A Walk to Remember: Raising Awareness of Renal Tubular Acidosis

Paige Spiller shares how she was diagnosed with Renal Tubular Acidosis and why she decided to take on a 50 mile walk to raise money for the National Kidney Federation.

“So, this is my story…

I had a migraine one night when I went to bed in July of last year. My only medical history, dating back to 2020, is a diagnosis of pernicious anaemia. I am 32 years old. I never gave it much attention until I went to bed one night because I had a migraine, which I do get occasionally. I was horribly nauseous and couldn't sleep at all. I felt better the following morning; I was still not well, but the illness had decreased. I got up, dressed my kids for school, and got ready for work. I began to realise that my left side was getting weaker during the day. I assumed that fatigue was the cause of this. The following week saw a worsening of the symptoms. I was experiencing pain in every muscle and bone in my body. However, I wasn't sick. I thought this might have been caused by pulling muscles and being quite unwell, so I bought some deep heat and went on.

My general practitioner saw me, ran several physical examinations, and advised that I check into a hospital. Thus, I did. I saw some doctors, who prescribed some anti sickness medication, had me draw some blood, and advised me to relax at home while I awaited an MRI. This is what I did. I was not able to move for the past two days. My leg muscles totally disappeared. I went back to the hospital once more. After taking my blood and doing an MRI, they informed me that they thought this might be MS. There was a delay to see a consultant because this was a novel diagnosis. I realised I had to act quickly. The pain was intolerable. I called everyday pleading for assistance, I followed the advice to go back to the hospital, and I did. I was given a new drug to experiment with. I then signed off from work, unable to look after my kids, and was so immobile that I couldn’t even use the loo by myself.

I was lying at home after taking numerous drugs for two weeks without any improvement, when suddenly I started having chest pains, unlike anything I've ever encountered. I told my husband that there was a problem. He dialled 111 in his area for assistance, and an ambulance was dispatched. After being hurried directly to resus, I learned that my body had become septic and that my potassium level had fallen to 1.6.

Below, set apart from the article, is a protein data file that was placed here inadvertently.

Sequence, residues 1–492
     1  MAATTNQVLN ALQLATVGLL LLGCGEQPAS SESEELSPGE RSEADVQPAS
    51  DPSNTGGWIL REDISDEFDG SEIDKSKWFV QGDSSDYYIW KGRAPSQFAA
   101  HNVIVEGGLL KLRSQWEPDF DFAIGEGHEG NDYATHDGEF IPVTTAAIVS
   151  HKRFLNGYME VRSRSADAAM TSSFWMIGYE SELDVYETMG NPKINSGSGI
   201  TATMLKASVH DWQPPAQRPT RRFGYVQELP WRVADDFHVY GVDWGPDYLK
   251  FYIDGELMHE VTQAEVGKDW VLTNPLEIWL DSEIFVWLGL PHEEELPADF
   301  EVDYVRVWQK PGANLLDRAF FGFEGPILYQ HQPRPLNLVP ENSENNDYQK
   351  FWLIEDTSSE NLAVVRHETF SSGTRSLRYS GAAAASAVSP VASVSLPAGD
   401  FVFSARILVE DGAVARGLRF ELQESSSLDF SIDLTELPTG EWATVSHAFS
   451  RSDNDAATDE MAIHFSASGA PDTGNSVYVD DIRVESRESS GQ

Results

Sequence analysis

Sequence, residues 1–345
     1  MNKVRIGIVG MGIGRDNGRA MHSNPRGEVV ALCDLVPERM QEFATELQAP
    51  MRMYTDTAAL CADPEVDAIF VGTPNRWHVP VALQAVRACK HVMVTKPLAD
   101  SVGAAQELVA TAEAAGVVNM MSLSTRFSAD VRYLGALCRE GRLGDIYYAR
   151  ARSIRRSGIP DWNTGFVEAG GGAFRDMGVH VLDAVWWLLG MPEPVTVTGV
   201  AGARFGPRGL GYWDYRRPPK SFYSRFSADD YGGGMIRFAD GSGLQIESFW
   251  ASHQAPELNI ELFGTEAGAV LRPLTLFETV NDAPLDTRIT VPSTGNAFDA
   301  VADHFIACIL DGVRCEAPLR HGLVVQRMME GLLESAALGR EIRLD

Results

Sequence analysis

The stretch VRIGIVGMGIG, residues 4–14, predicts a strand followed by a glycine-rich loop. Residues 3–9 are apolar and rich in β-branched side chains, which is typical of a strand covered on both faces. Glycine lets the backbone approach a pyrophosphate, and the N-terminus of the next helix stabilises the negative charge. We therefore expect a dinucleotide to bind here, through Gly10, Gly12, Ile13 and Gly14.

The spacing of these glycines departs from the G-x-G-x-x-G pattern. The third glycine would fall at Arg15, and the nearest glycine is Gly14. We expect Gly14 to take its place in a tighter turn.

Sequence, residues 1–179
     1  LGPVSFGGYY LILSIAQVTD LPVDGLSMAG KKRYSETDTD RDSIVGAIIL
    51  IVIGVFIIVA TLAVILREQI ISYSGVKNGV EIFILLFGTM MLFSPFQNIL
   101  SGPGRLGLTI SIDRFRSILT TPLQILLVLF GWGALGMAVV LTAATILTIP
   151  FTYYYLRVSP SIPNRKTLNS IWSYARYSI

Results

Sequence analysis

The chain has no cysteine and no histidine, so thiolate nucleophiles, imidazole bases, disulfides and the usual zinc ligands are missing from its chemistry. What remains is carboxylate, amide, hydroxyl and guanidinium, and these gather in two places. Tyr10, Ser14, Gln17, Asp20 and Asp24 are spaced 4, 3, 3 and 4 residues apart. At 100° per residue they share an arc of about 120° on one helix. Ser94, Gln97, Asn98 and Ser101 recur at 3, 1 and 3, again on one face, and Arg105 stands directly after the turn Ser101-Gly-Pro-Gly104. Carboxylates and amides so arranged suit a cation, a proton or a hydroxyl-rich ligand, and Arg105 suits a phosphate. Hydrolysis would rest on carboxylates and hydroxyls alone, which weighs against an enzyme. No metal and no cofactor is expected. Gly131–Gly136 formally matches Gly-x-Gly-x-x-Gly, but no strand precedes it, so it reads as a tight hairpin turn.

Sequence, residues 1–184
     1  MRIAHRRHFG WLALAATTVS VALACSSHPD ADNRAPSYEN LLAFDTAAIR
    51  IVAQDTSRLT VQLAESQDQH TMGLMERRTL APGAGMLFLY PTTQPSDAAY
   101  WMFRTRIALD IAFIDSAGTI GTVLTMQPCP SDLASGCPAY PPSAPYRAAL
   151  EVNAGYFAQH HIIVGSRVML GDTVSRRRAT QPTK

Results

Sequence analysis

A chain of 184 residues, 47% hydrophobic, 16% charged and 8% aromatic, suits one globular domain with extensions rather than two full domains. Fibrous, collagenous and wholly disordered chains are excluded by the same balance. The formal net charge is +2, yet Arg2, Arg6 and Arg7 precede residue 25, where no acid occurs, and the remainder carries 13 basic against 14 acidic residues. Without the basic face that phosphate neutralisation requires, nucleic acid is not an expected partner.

A consultant explained to me that my heart had gone out of sync and would I agree to being resuscitated if required. I was then moved to an ICU unit where I spent the week. I had central lines placed and potassium was being administered. My levels then returned. However, I was then diagnosed with Renal Tubular Acidosis (RTA).

Despite being a nurse, I have never heard of RTA. I had a consultant who was helpful and explained the disease and how the condition is managed. However, it took me a long time to manage it. Because RTA is so rare, trying to find help or answers seems impossible.

I still struggle today with knowing my condition and how to manage it. My levels do drop frequency meaning I end up with more hospital admissions. However, with continuous medication and monitoring I can live my life.

I decided to do a charity walk to raise money for the National Kidney Federation to try and raise more awareness of RTA to my friends, family and community. I was sat one night with my friend and suggested we did a sponsored walk. I believed she was going to laugh at me, but she agreed. We set a target for £500 and would walk 50 miles. We have managed to reach this target and more.”